The best & worst states to raise a family


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You want the best for your child. When deciding on a place to live, you’ll probably be looking at things like affordability, safety and education — especially if you have little ones in tow. If you’re trying to figure out where to move (or where not to move) with your family, there are many things to consider.

The Policygenius Family Friendly Index defines which states are the best and worst places to raise your children.

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About the index

What makes a state a good place to raise children?

The index doesn’t just measure how much money people have. It captures the state’s safety, housing affordability and the financial security. It also factors in your child’s ability to get a good education and stay safe. 

The Policygenius Family Friendly Index is made up of nine figures, combined and weighted equally.

  • Percentage of families: Percent of households who have one or more children
  • Percent of families living in poverty: Percent of families who live below the poverty line
  • Cost of child care: Average annual cost of raising a child
  • Cost of college: Average annual cost of a public, four-year college
  • Divorce rate: Number of couples undergoing a divorce in a given year
  • Infant mortality rate: Number of deaths under one year of age per 1,000 live births
  • Violent crime per capita: Number of violent crimes per 100,000 people
  • Median household income: The median combined income of every individual in a household.
  • Housing costs as a percent of income: The percentage of households putting 30% or more of their income to housing. (Personal finance experts generally suggest spending less.)

Each state is ranked out of 100, and a higher score means more financial security.

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The best states for families

  1. Wyoming – 73.5
  2. Utah – 72
  3. Idaho – 64.5
  4. North Dakota – 64
  5. Nebraska – 63.1

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The worst states for families

  1. District of Colombia – 16.9
  2. Louisiana – 30.5
  3. New Mexico – 31.5
  4. South Carolina – 31.6
  5. Michigan – 31.6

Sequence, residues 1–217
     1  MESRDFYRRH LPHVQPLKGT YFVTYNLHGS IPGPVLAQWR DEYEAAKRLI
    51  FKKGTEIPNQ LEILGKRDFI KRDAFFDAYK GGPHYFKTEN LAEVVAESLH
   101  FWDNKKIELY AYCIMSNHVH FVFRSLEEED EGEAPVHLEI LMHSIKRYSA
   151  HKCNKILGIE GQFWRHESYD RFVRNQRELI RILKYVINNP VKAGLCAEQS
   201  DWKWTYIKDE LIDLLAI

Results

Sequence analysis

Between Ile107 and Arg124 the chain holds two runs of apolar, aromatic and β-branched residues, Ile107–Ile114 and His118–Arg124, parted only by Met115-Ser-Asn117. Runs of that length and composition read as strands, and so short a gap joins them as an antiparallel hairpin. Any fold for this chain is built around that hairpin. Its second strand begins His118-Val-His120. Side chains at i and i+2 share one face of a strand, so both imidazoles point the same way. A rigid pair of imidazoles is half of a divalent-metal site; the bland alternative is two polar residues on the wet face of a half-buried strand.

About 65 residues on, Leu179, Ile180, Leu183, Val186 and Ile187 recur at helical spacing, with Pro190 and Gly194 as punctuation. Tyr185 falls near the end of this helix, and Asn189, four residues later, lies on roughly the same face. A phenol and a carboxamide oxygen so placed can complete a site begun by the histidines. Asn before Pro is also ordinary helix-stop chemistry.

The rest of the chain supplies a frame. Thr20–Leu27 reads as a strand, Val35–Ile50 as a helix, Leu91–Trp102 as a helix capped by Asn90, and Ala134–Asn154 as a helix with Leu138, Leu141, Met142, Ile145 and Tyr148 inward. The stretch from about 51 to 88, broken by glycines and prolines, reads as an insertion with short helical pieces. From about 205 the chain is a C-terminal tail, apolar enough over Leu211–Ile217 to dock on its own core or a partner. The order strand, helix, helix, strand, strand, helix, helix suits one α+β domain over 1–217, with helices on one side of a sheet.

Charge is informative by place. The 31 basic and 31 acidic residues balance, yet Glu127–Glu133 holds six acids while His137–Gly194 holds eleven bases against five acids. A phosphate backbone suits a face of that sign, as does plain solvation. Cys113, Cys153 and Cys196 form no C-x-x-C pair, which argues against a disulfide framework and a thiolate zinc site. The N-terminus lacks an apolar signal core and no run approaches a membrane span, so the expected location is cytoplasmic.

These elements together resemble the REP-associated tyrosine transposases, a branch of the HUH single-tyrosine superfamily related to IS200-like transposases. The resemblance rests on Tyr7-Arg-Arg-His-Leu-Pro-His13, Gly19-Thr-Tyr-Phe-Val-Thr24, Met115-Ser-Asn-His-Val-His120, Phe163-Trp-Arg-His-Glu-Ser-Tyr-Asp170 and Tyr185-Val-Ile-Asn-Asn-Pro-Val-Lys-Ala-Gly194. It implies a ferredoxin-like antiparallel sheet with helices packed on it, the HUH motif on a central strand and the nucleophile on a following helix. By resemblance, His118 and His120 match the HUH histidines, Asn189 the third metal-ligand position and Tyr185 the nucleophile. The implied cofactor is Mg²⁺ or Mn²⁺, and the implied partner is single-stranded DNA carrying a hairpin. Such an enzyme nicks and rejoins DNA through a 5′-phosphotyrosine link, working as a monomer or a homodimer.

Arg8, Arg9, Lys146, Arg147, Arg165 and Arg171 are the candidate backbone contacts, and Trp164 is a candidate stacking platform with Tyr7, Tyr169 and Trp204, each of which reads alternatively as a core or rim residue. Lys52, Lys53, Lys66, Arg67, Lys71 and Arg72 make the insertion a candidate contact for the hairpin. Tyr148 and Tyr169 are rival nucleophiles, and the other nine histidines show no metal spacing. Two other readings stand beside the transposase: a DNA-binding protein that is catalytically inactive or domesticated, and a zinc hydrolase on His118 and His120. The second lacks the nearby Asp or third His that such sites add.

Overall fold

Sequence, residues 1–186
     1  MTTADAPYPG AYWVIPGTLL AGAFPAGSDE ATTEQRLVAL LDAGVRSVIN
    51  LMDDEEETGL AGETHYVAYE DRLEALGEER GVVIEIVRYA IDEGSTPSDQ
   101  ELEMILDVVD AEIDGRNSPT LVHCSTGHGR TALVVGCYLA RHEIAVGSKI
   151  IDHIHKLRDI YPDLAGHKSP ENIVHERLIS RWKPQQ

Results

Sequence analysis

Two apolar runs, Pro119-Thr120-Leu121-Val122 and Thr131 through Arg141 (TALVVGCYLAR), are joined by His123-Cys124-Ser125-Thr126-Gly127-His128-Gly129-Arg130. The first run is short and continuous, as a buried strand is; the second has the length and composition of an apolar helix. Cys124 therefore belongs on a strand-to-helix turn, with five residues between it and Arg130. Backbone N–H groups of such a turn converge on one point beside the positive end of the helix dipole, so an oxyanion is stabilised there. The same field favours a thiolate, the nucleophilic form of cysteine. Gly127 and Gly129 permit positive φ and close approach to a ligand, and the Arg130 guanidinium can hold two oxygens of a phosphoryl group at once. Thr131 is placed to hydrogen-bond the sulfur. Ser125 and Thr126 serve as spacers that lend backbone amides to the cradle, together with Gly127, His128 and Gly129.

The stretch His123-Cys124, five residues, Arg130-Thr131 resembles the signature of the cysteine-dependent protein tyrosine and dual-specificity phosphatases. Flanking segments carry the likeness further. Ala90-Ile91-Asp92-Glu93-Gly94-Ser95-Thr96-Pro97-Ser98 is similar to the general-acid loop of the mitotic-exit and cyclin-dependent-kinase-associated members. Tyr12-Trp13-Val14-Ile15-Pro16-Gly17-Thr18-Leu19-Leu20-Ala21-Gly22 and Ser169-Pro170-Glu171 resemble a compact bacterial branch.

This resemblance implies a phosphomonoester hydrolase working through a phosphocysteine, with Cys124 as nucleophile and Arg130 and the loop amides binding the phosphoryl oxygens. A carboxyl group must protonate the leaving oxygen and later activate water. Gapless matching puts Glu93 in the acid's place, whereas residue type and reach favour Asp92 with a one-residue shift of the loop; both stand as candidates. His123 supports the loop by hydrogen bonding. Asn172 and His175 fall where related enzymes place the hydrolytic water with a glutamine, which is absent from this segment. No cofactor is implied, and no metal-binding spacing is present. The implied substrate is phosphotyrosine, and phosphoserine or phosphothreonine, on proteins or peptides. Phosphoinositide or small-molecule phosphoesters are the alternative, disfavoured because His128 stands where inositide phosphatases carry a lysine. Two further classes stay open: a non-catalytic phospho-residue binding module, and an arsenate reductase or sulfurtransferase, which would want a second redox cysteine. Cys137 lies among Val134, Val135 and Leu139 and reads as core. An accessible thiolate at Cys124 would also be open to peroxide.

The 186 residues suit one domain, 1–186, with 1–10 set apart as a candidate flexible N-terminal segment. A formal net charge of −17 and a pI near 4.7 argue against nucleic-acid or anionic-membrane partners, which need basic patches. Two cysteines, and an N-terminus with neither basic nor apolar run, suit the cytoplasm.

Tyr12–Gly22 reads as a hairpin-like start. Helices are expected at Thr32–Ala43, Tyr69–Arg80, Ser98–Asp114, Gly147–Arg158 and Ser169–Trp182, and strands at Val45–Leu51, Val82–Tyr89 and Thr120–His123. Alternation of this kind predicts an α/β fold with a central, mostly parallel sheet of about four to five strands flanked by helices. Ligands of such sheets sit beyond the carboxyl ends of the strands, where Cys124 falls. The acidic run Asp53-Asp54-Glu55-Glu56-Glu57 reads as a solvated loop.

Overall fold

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Exploring the index

Wyoming was ranked the best state to raise a child due to low college costs ($5,400), child care costs ($10,394) and violence crime per capita (238 per 100,000 people).

Washington, D.C. was ranked the worst place to raise a child because of its high child care ($23,666) and family poverty rate (39%), not to mention its high violence crime per capita (1,005 per 100,000 people).

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Financially preparing for a baby

  1. Plan ahead for maternity or paternity leave. Read over your benefits package to find out how much time you and your partner’s jobs allow for parental leave. If you need to take unpaid leave, factor that into your finances. If needed, begin planning for child care. It can take days or weeks to find the right daycare or babysitter.
  2. Draft a budget. Record any recurring child care costs (think diapers and babysitter fees) in a spreadsheet to keep track of your money. Here’s a downloadable family budgeting spreadsheet to get you started.
  3. Begin preparing for unexpected medical costs. Babies are expensive medically, even if you have insurance. Out-of-pocket medical costs for childbirth vary widely. Having an emergency fund comes in handy.
  4. Start an emergency fund. If you haven’t already, start setting aside money for the unexpected. A rule of thumb is three to six months of expenses. One of the easiest ways to grow your savings is opening a high-yield savings account.

To learn more, read this comprehensive guide to preparing for a new baby.

This article originally appeared on Policygenius.

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